7 Ways to Prevent Cavities
Cavities are damaged areas of the teeth that develop into tiny openings and holes. Cavities can also be called tooth decay and are caused by a number of factors, including frequent snacking, too many sugary drinks, or not properly cleaning your teeth. Anyone can get cavities, including infants, but they are more common in children, teenagers, and older adults. Without properly being treated, cavities can get larger and then affect deeper layers of the teeth. The deeper the cavity gets, the more likely it can lead to pain, severe infection, and loss of the tooth.
Here are seven ways to prevent cavities:
Learn proper brushing techniques.
Brushing your teeth is so important to dental health and is a tip you have likely heard over and over again. Brushing helps get rid of the bacteria in the mouth that can cause cavities. Be sure to brush after meals and before bed. It’s especially important to brush before bed because the bacteria lingering on your teeth overnight can cause acid to form and damage the enamel. You should use a soft bristle brush and place your toothbrush at a 45-degree angle against the gums. Replace your toothbrush every three months to ensure that bristles will do the job.
Cut back on sugary drinks and acidic drinks.
Prolonged exposure to acidic or sugary drinks will increase your risk of cavities. The harmful sugar stays in your saliva over a long period of time unless you are brushing or drinking water. Drinking water can help prevent cavities because it removes food and bacteria left in your mouth.
Be in the habit of flossing.
No one likes to floss, but it’s an important habit to have. Even with brushing, you still aren’t cleaning the whole tooth. This is why flossing is so important. In order to start a flossing habit, pair it with something you love doing, such as flossing when watching TV. You can also floss while on the go so it’s great to do after meals.
Eat foods that are healthy for your teeth.
Some foods will be better for your teeth than others. Try to avoid foods that can get stuck in the pits or grooves of your teeth for a long period of time. If you do eat these foods, then be sure to brush soon after. Foods like fresh vegetables and fruits can help increase the saliva flow to wash away food particles. Drink tap water that contains fluoride, which is essential for protecting your teeth against cavities. Bottled water may not have fluoride.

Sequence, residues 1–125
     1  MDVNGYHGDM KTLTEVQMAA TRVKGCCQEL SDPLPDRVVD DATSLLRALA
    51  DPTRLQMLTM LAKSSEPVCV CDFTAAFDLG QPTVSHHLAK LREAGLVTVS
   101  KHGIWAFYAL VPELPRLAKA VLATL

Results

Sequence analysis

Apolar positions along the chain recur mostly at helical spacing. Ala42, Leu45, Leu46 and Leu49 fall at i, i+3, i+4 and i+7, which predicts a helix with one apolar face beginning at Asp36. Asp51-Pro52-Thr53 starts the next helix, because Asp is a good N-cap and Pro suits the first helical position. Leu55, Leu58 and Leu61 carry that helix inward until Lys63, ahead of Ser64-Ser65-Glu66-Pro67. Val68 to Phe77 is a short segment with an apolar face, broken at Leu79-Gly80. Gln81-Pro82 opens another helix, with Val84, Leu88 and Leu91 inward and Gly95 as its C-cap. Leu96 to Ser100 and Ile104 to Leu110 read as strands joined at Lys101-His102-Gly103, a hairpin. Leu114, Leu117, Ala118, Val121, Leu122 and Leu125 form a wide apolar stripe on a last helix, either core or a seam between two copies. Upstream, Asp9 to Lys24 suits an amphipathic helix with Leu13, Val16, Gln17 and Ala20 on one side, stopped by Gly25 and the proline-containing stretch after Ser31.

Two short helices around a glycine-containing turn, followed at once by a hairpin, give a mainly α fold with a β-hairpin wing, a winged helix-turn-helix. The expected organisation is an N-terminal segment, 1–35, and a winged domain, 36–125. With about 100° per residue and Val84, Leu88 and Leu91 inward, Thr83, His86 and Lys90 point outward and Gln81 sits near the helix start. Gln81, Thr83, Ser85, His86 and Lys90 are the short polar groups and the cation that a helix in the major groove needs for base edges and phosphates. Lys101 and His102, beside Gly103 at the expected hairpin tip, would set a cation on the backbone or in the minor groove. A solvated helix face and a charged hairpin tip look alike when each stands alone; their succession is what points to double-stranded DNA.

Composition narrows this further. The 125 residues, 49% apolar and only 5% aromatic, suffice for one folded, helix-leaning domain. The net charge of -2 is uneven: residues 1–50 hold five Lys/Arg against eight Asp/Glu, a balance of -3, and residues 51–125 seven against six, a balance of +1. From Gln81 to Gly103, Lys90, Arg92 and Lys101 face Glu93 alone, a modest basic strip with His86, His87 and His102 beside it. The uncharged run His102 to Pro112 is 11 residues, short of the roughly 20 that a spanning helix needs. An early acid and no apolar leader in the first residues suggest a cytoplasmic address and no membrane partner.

Mouthwash does more than just freshen your breath. Mouthwash with fluoride can help protect against cavities. Vigorously rinsing with mouthwash can also help loosen food particles that contribute to cavities.
Visit the dentist.
If it has been a while since your last appointment, it’s time to schedule a visit. Going to the dentist can be one way to prevent cavities. At the appointment, a dentist will take X-rays to examine your mouth and check for cavities. There are also some treatments to fight cavities that are available at your dentist office. Regular teeth cleanings help keep your teeth in better condition by removing tartar buildup and plague. A dentist can also help you prevent cavities by giving you advice on how to properly care for your teeth at home. Schedule your appointment at Tru Family Dental today. While it’s recommended to visit twice a year, your dentist can work out a schedule that is right for you.
Consider fluoride treatments or sealants.
Both of these are at the dentist. Fluoride treatments can be helpful if you aren’t getting enough fluoride through drinking water or other sources. A dentist may recommend custom trays that will fit over the teeth for prescription fluoride if your risk of cavities is high. Sealants are protective plastic coatings that are applied to the chewing surface of your back teeth. They can help seal off crannies and grooves that collect food to protect the enamel from acid and plaque. Sealants are good for school age children and can last for several years before they need to be replaced. Even though they last a long time, they do need to be regularly checked.
Anyone can get cavities, including infants, but they are more common in children, teenagers, and older adults.
Posted In: Oral & Dental Health Tips